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From left, Adm. Timothy Keating, commander of the U.S. Pacific Command; Gen. B.B. Bell, former U.S. Forces Korea commander; and Gen. Walter Sharp, new U.S. Forces Korea commander, salute during a change of command ceremony Tuesday at Yongsan Garrison, South Korea.

From left, Adm. Timothy Keating, commander of the U.S. Pacific Command; Gen. B.B. Bell, former U.S. Forces Korea commander; and Gen. Walter Sharp, new U.S. Forces Korea commander, salute during a change of command ceremony Tuesday at Yongsan Garrison, South Korea. (Horacio Lozano / U.S. Army)

From left, Adm. Timothy Keating, commander of the U.S. Pacific Command; Gen. B.B. Bell, former U.S. Forces Korea commander; and Gen. Walter Sharp, new U.S. Forces Korea commander, salute during a change of command ceremony Tuesday at Yongsan Garrison, South Korea.

From left, Adm. Timothy Keating, commander of the U.S. Pacific Command; Gen. B.B. Bell, former U.S. Forces Korea commander; and Gen. Walter Sharp, new U.S. Forces Korea commander, salute during a change of command ceremony Tuesday at Yongsan Garrison, South Korea. (Horacio Lozano / U.S. Army)

Gen. B.B. Bell hands the U.S. Forces Korea colors to Adm. Timothy Keating, commander of the U.S. Pacific Command, during a change of command ceremony Tuesday at Yongsan Garrison in which Gen. Walter Sharp, left, assumed command.

Gen. B.B. Bell hands the U.S. Forces Korea colors to Adm. Timothy Keating, commander of the U.S. Pacific Command, during a change of command ceremony Tuesday at Yongsan Garrison in which Gen. Walter Sharp, left, assumed command. (Kelly Lowery / U.S. Army)

SEOUL — Promising to make South Korea the "station of choice" for servicemembers, Army Gen. Walter Sharp took command of 28,500 U.S. troops Tuesday during a ceremony at Collier Field House.

Sharp, born when his father fought in the Korean War, is succeeding Gen. B.B. Bell, who retires on June 9 after 39 years in the military.

As U.S. Forces Korea commander, Sharp also is in charge of the United Nations Command and Combined Forces Command.

Sharp called the U.S.-South Korea alliance "one of the most enduring in the world," and said USFK would continue to deter North Korean aggression. Sharp said he wanted to continue to improve the quality of life for troops in South Korea, and to push for three-year, family-accompanied tours. Servicemembers typically serve one-year unaccompanied tours.

"Our goal is to rapidly reach the point where all families can stay here," he said.

About 700 people attended the ceremony, including Secretary of Defense Robert Gates; Chairman of the Joint Chiefs of Staff Adm. Mike Mullen; Adm. Timothy Keating, commander of U.S. Pacific Command; U.S. Ambassador to South Korea Alexander Vershbow; and Lee Sang-hee, South Korea’s defense minister.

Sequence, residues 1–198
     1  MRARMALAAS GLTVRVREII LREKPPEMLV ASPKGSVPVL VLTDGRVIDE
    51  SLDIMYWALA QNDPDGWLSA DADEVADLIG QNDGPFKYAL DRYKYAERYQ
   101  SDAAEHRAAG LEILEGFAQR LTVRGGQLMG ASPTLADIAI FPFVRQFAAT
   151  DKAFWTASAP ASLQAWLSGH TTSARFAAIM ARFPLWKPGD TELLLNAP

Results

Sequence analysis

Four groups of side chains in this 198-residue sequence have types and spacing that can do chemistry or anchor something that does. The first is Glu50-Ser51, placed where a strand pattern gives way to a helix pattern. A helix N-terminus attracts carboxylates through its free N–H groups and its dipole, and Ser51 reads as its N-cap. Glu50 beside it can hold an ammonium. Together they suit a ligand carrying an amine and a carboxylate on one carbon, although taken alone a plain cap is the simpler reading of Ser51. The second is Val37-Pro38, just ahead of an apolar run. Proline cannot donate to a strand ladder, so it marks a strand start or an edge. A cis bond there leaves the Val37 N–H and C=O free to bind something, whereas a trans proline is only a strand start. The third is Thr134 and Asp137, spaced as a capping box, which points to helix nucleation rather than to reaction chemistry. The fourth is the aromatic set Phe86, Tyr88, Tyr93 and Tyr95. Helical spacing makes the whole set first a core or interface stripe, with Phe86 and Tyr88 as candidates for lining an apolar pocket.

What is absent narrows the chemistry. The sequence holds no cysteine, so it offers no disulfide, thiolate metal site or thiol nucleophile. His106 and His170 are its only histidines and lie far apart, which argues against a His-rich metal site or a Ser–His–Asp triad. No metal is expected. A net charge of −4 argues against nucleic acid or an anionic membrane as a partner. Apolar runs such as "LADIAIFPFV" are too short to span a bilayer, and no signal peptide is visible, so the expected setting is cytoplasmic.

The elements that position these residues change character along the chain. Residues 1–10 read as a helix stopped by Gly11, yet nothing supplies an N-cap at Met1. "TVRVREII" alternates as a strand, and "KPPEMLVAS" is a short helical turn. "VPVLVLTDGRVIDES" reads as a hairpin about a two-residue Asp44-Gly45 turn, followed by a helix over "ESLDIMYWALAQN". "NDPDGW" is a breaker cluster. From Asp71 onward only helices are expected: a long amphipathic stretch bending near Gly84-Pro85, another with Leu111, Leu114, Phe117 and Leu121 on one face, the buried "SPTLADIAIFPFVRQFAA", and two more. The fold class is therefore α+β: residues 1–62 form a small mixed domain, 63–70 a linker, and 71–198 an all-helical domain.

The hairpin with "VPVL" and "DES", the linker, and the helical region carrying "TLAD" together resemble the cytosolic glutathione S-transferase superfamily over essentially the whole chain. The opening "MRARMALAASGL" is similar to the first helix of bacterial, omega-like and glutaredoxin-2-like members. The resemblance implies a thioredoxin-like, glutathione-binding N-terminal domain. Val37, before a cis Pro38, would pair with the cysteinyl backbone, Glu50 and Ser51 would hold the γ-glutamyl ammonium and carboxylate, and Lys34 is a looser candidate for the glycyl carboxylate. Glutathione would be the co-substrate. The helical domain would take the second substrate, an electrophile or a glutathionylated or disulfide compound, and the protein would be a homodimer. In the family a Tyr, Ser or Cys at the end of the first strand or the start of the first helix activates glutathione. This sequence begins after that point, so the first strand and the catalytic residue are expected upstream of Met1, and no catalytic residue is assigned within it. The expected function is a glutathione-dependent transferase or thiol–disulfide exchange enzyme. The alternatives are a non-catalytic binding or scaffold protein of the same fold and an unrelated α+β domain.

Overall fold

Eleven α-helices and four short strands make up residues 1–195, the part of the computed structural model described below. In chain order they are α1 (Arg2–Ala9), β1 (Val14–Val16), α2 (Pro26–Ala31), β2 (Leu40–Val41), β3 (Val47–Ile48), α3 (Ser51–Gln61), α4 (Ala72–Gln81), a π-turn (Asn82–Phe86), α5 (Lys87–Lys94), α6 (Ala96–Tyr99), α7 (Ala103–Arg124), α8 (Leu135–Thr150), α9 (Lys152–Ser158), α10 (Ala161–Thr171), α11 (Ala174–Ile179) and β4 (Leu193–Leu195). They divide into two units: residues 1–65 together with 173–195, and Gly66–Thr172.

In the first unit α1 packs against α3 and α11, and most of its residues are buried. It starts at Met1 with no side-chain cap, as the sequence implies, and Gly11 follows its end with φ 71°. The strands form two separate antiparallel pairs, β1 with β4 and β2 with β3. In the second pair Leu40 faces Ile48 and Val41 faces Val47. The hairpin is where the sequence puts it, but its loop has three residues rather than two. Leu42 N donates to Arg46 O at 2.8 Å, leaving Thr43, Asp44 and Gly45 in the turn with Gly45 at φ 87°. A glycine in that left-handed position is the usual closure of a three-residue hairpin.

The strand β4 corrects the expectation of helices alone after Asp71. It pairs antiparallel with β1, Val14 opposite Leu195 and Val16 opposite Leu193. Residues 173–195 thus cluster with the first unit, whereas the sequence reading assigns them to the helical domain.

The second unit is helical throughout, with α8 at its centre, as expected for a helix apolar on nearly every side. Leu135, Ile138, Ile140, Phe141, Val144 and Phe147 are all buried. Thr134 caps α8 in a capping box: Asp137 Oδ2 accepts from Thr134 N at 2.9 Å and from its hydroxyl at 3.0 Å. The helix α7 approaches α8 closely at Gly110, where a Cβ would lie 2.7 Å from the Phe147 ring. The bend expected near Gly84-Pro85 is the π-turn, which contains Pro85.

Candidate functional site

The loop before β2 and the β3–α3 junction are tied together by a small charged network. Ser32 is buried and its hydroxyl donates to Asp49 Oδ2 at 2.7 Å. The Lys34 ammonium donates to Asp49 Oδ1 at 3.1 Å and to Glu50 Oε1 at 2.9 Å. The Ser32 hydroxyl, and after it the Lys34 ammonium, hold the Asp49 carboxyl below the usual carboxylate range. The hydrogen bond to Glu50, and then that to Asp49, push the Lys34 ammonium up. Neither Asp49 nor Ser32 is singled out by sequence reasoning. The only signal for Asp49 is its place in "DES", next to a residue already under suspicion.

Bell, who will retire to Chattanooga, Tenn., said his 2 1/2 years in South Korea had been the most memorable of his military career, and the country’s military was among the best he had seen during his 15 years overseas.

"I can tell you that none of them is superior to the armed forces of Korea. None," he said.

He said the U.S. military presence in South Korea is important not just to deter North Korean aggression, but because South Korea is geographically and politically important in Asia and brings stability to the region.

He choked up as he started to thank his wife, Katie, calling her his "beloved." He skipped over the portion of his speech directed to her and promised to read it to her in private.

"I’m a tough soldier, but this is hard," he said, then joked that he needed to do some push-ups.

Officials said the alliance between South Korea and the United States continues to grow stronger.

Mullen said the two countries have an inseparable strategic partnership with regional and global implications.

Gates said the United States has an "unshakable commitment" to South Korea, and Sharp is the right person to lead USFK.

"Having worked with you at the Pentagon, I know how good you are at what you do," he said.

Sharp most recently was the director of the Pentagon’s Joint Staff, and was responsible for making sure Mullen’s decisions were carried out on a day-by-day basis. He graduated from West Point in 1974, and served back-to-back tours in South Korea — as executive officer for the USFK commander from June 1996 to March 1997, and then as assistant commander (maneuver) for the 8th Army’s 2nd Infantry Division. He has served in Desert Shield, Desert Storm, and in Haiti and Bosnia.


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